Wednesday, December 21, 2011

Washington Social Diary

The view of the Kennedy Center and the Washington Monument from Georgetown, December 2011.
THE LESSER BAH HUMBUG
by Carol Joynt

Similar to the year before, over the last twelve months the recession that won't let go has continued to have an impact on the Washington social scene. It was better, but not much much better. Event planners and caterers reported stronger turn outs, and fundraisers reported more generosity, but the smiles on guests' faces still seemed tinged with doubt, worry and anxiety. Sometimes they looked quite frankly like they'd rather be anywhere but sitting at a table for 10 or 12, in formal wear, and listening to speeches about how much "more" generosity was needed. Nonetheless, Washington is a generous community, the lesser "Bah Humbug."

Even in Washington, a sense of fun.
As the year winds down the biggest social negative continues to worsen: The political divide in Congress is aggravated by the fact that many members simply don't live here anymore. One is directly related to the other. Congress follows a nearly state legislature type schedule, shorter weeks and fewer weeks a month, which means they keep the family at home. Even Sen. Barack Obama did not move his family to Washington until he became president. 

If the family is not here that means the children aren't in school here and the office holder has fewer opportunities to engage with the local community, or down time with other members whose children might be at the same school. They rarely show up anymore at social events.

The exception is Sen. Pat Leahy of Vermont. He shows up and is a good egg in this regard. If a member of the House goes to a fundraiser it's generally not for a disease or a museum or a theater but for themselves or another member who needs to keep the campaign chest plump.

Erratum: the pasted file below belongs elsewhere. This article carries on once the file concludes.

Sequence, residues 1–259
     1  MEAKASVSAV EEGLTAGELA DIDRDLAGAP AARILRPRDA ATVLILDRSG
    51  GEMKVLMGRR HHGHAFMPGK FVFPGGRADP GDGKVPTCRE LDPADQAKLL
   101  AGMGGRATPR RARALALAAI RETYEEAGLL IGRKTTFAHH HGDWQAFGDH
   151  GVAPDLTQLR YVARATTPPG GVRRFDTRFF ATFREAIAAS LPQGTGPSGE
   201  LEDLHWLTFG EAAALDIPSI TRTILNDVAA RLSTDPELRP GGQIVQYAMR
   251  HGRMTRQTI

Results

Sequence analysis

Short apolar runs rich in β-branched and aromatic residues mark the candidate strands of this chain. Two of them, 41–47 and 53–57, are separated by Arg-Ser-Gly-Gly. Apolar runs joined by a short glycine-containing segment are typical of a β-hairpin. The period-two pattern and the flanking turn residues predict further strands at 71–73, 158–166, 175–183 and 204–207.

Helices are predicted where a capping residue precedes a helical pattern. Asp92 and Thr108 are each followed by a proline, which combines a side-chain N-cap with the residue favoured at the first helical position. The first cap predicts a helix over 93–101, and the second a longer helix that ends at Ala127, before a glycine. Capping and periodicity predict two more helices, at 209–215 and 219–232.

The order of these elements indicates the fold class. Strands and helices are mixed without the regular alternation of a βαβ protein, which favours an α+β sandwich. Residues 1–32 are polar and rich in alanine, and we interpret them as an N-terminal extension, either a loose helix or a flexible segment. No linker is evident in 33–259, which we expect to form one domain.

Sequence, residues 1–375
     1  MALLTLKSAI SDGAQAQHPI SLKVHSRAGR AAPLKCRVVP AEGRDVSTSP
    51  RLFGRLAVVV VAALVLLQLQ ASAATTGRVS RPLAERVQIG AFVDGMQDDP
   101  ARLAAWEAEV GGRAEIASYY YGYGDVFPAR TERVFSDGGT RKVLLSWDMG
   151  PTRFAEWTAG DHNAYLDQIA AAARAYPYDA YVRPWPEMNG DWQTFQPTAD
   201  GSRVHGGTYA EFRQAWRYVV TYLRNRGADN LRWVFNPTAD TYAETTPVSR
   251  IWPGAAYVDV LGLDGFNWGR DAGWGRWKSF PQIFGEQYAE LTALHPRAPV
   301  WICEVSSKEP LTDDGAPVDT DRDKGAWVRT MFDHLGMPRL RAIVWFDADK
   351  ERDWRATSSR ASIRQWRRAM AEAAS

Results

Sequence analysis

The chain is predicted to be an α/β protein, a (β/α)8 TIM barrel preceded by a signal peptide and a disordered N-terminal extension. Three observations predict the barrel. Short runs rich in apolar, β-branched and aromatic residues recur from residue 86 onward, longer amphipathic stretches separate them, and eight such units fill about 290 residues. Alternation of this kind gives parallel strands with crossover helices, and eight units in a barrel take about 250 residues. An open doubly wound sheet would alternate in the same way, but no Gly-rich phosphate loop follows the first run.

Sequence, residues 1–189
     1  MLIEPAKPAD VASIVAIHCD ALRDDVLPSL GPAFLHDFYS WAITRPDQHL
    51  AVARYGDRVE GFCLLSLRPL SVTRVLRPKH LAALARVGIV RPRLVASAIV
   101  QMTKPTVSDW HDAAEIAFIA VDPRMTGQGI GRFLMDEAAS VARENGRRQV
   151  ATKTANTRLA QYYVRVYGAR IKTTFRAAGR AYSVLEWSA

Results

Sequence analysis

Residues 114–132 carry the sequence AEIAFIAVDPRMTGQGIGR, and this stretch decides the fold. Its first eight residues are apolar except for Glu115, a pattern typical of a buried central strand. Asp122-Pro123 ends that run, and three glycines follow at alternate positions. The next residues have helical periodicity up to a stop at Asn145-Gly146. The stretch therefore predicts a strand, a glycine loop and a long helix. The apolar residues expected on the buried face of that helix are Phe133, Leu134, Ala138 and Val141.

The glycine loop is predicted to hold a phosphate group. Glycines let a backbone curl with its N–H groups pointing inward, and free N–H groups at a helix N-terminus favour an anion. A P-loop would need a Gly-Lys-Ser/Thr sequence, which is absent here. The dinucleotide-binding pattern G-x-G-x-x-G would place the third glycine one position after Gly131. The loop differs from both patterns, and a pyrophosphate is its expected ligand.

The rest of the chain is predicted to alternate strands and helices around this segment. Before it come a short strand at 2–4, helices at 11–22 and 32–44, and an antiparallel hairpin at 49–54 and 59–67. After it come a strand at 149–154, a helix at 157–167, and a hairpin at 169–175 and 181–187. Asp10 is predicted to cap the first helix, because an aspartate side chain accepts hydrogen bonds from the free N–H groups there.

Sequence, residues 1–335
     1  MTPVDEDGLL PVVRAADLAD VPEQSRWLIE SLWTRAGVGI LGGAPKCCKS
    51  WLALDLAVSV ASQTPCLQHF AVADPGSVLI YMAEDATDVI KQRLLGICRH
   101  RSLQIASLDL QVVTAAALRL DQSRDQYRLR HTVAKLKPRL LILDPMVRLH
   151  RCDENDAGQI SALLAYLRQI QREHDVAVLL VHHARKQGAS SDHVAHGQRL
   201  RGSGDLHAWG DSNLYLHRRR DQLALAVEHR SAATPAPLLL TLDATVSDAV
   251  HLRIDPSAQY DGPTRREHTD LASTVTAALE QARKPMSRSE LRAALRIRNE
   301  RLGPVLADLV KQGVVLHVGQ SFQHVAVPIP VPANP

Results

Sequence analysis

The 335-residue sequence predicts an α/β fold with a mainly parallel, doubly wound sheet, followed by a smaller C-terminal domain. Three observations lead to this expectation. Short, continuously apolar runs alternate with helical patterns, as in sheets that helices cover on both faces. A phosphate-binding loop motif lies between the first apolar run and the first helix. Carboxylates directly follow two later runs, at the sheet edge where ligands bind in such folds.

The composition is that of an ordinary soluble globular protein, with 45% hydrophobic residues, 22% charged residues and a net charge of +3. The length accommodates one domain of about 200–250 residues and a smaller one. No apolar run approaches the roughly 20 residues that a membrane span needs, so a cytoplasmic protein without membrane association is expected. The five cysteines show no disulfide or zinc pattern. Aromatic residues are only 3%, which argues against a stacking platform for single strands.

Ultimately, without downtime to socialize, it's difficult for the elected officials – who almost all come here from elsewhere – to get to know one another, especially those on opposite sides of the aisle. Apart from similar jobs, they are strangers, and – just like writing anonymous trash on Internet comment boards – it's so much easier to dump on someone you don't know. 

Also, people are over-scheduled and stressed, which has led to another bad habit: canceling at the last minute or not showing up at all. What used to be "duty" has become "do I have to?" Well, if the reply to the RSVP was "yes," then yes, you have to. It's routine these days to hear someone say they have three events to go to in one night, as if that is normal behavior. Remember when people once went to one event for three courses? Gone. Over.
Bill Haseltine's Georgetown mansion.
There were some good parties, though, and we'll have more about that next week. For now, a good almost-last party of the year, Bill Haseltine's annual holiday party at the Georgetown mansion where he rarely resides anymore, due to a move to Manhattan. In fact, the house is for sale, and the price was variously speculated to be $14, $12 or $10 million. It's a good house on a prime corner in the East Village of Georgetown, and no, I'm not his agent. 

The party began early and went late. Bill warmed and charmed his guests with the usual delicious buffet, hot cider, wine, holiday music and embraces upon arrival and departure. Some of the guests included Brendan and Lila Sullivan, Dr. Anthony Fauci and Christine Grady, Didi Cutler, Lucky Roosevelt, Judith Terra, Francesca Craig, Jeff Weiss, Arturo and Hilda Brillembourg, Finlay Lewis, Mandy and Mary Ourisman, Joann Mason, Jon Ledecky, Mark Ein, Barbara Harrison, Nora Maccoby, Richard Marks, Calvin and Jane Cafritz, and Ann and Bill Nitze.
Haseltine welcomes guests.
The Carolers. Oh, Come All Ye Faithful.
Listening to the Carolers.
David Bradley, Katherine Bradley, and Bill Haseltine.
Judith Terra and Richard Marks.
Selwa "Lucky" Roosevelt.
Bill Haseltine with Lila and Brendan Sullivan.
Nora Maccoby Hathaway, Maya Haseltine, and Richard Marks.
Anthony Fauci and Christine Grady.
Calvin and Jane Cafritz. Finlay Lewis.
Joann Mason. Barbara Harrison.
Jon Ledecky, Ina Ginsburg, and Francesca Craig.
Mandy and Mary Ourisman.
Mark Ein and Bill Haseltine.
The bar. Le buffet.
Another trip to the bar.
Carol Joynt's memoir, Innocent Spouse, can be ordered from Amazon, HERE.